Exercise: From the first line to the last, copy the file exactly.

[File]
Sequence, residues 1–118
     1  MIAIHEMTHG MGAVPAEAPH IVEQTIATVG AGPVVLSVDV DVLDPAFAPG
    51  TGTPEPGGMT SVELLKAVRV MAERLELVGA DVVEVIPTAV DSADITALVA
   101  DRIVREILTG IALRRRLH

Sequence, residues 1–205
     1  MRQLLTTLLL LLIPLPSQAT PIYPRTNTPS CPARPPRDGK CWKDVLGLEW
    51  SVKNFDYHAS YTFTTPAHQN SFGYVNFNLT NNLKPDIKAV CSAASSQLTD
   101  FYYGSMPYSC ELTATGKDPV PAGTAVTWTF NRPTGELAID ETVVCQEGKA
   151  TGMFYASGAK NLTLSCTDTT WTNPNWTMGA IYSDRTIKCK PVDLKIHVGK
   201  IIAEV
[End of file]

Sequence, residues 1–118
     1  MIAIHEMTHG MGAVPAEAPH IVEQTIATVG AGPVVLSVDV DVLDPAFAPG
    51  TGTPEPGGMT SVELLKAVRV MAERLELVGA DVVEVIPTAV DSADITALVA
   101  DRIVREILTG IALRRRLH

Sequence, residues 1–205
     1  MRQLLTTLLL LLIPLPSQAT PIYPRTNTPS CPARPPRDGK CWKDVLGLEW
    51  SVKNFDYHAS YTFTTPAHQN SFGYVNFNLT NNLKPDIKAV CSAASSQLTD
   101  FYYGSMPYSC ELTATGKDPV PAGTAVTWTF NRPTGELAID ETVVCQEGKA
   151  TGMFYASGAK NLTLSCTDTT WTNPNWTMGA IYSDRTIKCK PVDLKIHVGK
   201  IIAEV